The young people of the West End were entertained Tuesday evening, Aug. 22, at the home of Mrs. Jessie R. Towle who gave a party in honor of Miss Helen A. Tibbetts of Lynn who was visiting her grandfather, Mr. E. S. Bowley, and also in honor of Mr. Harold Blaisdell of Dexter, Maine, who was visiting his grandfather, Mr. Sam Woodman, at Mrs. Towle's. The young folks were in the best of spirits and it was a very pleasant evening for all. Miss Tibbetts presided at the piano. Games were played and there was singing by Miss Bernice Gordon and Edward Delano. Refreshments were served of cookies and hot coffee and then more music and singing followed. At a late hour the party dispersed, although very loath to do so, their hostess urging them to stay longer. But at last they started for home, thanking their hostess for such a pleasant evening.

Mrs. Gilman Mace is confined to her bed by serious illness.

Mrs. Jeannette Pratt and children are at Mrs. Hugh Brown's.

Rev. A. B. Thompson is ill this week.

Mrs. Irene Provandie is at Mrs. H. G. Lane's.

It is hoped that quite a number will attend the county meeting of the W. C. T. U. at Salem, New Hampshire on Sept. 15.

Mrs. Thomas Sceva Blake, who, until a few years ago was a resident of Hampton, died at the home of her son Fred, in Somerville, where she had been tenderly cared for. Mrs. Blake, who was Sarah Weare before her marriage, was a most estimable woman, one of those of whom it is now said, "They are old fashioned and belong to the past." As this means in many cases to be more upright and mindful of the things that make for a godly life, then Mrs. Blake can be counted in this class, would that there were more left to us. Mrs. Blake joined the Congregational church in her youth and was always a faithful member. She was buried from the Congregational [Webster] chapel.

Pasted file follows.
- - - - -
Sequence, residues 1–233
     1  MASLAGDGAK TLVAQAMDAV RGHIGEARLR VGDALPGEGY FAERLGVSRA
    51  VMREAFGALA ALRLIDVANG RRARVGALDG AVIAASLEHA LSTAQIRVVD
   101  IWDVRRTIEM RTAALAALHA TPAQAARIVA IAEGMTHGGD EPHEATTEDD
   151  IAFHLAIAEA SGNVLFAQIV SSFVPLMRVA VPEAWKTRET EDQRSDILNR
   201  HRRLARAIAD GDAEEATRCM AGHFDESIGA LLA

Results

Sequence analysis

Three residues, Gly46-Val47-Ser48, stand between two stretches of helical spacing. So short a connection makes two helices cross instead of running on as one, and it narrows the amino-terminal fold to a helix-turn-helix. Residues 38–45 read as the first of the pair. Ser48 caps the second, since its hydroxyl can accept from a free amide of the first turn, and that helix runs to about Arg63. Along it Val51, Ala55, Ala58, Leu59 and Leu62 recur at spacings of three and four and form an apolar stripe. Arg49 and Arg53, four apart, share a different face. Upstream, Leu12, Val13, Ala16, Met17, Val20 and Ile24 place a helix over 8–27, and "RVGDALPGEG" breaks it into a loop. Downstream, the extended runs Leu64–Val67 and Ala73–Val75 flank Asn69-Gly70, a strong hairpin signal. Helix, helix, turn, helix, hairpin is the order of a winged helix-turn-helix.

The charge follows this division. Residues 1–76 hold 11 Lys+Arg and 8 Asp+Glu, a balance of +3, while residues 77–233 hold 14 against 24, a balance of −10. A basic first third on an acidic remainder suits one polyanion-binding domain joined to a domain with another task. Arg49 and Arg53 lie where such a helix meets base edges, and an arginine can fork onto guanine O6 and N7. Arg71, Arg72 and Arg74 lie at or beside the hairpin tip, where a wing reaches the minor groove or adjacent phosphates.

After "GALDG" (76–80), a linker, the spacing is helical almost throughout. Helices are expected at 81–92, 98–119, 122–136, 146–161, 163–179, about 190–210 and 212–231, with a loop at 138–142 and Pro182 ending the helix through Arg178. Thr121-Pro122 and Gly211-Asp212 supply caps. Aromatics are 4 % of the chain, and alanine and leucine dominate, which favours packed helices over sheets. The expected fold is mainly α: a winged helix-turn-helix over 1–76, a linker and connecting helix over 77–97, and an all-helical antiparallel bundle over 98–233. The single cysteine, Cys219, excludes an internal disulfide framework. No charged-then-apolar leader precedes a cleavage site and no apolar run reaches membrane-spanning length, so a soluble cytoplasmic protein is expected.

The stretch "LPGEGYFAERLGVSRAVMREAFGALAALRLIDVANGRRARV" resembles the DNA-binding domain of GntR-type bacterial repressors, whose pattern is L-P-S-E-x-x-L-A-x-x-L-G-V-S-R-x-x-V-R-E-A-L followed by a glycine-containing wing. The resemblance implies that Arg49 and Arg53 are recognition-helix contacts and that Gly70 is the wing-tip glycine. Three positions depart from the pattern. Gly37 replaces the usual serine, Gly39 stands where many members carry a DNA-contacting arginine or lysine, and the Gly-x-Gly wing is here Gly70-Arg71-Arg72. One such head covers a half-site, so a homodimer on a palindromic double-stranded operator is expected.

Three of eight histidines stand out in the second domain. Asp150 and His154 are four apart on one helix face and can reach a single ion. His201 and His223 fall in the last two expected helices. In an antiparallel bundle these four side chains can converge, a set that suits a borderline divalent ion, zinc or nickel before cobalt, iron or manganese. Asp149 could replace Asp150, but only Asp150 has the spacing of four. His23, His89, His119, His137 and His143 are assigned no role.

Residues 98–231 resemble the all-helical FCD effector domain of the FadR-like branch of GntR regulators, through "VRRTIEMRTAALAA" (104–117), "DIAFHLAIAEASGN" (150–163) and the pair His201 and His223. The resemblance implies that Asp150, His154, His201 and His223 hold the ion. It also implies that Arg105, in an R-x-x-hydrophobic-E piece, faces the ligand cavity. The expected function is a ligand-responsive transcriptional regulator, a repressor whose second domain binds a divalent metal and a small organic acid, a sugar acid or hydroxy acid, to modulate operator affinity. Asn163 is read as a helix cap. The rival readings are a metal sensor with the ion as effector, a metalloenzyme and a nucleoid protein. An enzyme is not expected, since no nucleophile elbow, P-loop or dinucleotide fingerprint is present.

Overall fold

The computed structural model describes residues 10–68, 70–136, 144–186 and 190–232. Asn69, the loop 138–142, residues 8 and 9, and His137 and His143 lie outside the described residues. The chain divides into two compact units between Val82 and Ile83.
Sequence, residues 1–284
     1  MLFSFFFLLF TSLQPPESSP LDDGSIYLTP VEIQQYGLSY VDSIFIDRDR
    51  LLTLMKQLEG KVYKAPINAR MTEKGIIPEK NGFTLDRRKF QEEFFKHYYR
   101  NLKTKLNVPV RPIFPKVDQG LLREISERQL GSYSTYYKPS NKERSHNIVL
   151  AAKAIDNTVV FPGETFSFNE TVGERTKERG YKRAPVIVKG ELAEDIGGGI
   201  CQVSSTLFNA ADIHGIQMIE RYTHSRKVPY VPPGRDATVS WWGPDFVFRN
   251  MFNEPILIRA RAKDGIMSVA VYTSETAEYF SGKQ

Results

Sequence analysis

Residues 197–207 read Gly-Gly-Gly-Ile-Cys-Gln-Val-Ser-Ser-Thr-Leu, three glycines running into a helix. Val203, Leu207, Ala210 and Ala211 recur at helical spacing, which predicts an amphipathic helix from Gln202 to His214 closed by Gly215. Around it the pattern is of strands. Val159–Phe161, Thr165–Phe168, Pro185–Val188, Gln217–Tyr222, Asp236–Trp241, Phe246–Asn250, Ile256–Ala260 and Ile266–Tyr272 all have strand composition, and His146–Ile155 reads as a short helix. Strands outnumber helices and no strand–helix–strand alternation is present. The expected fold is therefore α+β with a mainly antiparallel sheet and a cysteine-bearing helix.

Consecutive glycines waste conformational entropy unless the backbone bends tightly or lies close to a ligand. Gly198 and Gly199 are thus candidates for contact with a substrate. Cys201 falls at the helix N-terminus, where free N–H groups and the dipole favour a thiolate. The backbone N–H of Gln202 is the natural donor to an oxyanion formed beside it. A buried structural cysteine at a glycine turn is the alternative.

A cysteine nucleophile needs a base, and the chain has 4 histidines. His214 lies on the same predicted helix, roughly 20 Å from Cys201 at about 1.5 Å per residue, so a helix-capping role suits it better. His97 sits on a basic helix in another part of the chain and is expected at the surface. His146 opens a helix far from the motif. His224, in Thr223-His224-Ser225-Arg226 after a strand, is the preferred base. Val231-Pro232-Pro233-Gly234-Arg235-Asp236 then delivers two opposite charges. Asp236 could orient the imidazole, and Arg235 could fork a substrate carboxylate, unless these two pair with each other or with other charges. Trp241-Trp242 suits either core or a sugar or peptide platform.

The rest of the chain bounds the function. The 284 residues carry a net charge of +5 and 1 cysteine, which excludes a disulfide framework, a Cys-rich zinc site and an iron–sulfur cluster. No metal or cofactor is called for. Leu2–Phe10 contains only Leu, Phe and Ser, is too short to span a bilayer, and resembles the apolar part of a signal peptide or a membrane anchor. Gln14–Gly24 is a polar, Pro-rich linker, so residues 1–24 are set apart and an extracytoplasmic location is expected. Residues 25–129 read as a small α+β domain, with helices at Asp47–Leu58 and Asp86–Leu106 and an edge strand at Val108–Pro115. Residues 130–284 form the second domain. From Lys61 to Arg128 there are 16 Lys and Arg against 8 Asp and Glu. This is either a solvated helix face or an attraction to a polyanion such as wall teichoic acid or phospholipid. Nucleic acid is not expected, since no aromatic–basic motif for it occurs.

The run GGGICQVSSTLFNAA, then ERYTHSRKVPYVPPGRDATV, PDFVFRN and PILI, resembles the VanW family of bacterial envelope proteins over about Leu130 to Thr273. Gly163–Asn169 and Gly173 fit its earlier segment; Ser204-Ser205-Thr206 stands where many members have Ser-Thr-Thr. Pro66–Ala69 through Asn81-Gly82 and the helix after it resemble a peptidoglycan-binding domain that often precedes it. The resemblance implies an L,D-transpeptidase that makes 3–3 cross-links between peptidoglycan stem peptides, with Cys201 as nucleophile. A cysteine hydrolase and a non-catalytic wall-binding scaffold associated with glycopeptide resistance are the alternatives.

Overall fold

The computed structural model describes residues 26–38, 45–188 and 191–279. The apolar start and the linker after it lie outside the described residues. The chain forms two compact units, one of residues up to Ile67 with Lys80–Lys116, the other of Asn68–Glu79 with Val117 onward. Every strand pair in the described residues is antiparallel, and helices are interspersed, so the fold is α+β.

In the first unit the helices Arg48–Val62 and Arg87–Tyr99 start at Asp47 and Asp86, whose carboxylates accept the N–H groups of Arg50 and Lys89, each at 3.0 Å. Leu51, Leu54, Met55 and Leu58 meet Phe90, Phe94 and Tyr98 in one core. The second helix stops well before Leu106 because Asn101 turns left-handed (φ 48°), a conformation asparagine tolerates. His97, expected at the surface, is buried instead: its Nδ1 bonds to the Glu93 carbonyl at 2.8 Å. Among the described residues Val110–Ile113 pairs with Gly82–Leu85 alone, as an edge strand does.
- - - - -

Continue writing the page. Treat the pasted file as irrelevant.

House Party at The Willows:

Monday evening, August 29, occurred a gala event for the guests of "The Willows" at North Beach. Mrs. Barkley and Mrs. Whittemore of the younger married set, weary of journeying to the center for excitement, had, unknown to the other guests, arranged for a "party" of their own to be held in the spacious parlors of this well known resort. Tables were set for Bridge and other games for those not card players and the evening waxed merry until midnight was scarce two hours away when refreshments were served and the scores counted, resulting in the bestowal of the elaborate prizes to the fortunate winners. The gentlemen's prize was won by Mr. Barkley while that for the ladies went to Mrs. Barkley but the latter being one of the hostesses she generously relinquished it to the next higher.

At the anagram table Mr. and Mrs. Chase won the honors and carried away prizes, outclassing all competitors.

After the winners had been congratulated and their healths drunk in Mrs. Whittemore's delicious home brew another hour was delightfully passed in feats of strength and agility by the more athletic guests and a poem appropriate to the occasion and the possible after effects of "the morning after the night before" was recited by Mr. Chase amid tremendous applause.

Harry P. Stevens 23, died at Exeter Cottage Hospital Monday. Mr. Stevens was a resident of Hampton Falls, and also of Reading, Mass., where he was born March 21, 1898, a son of Frank E. and Lillian (Peabody) Stevens. He was engaged in farming. The body was shipped to Reading.

1. There is apparently type missing from this statement in the newspaper.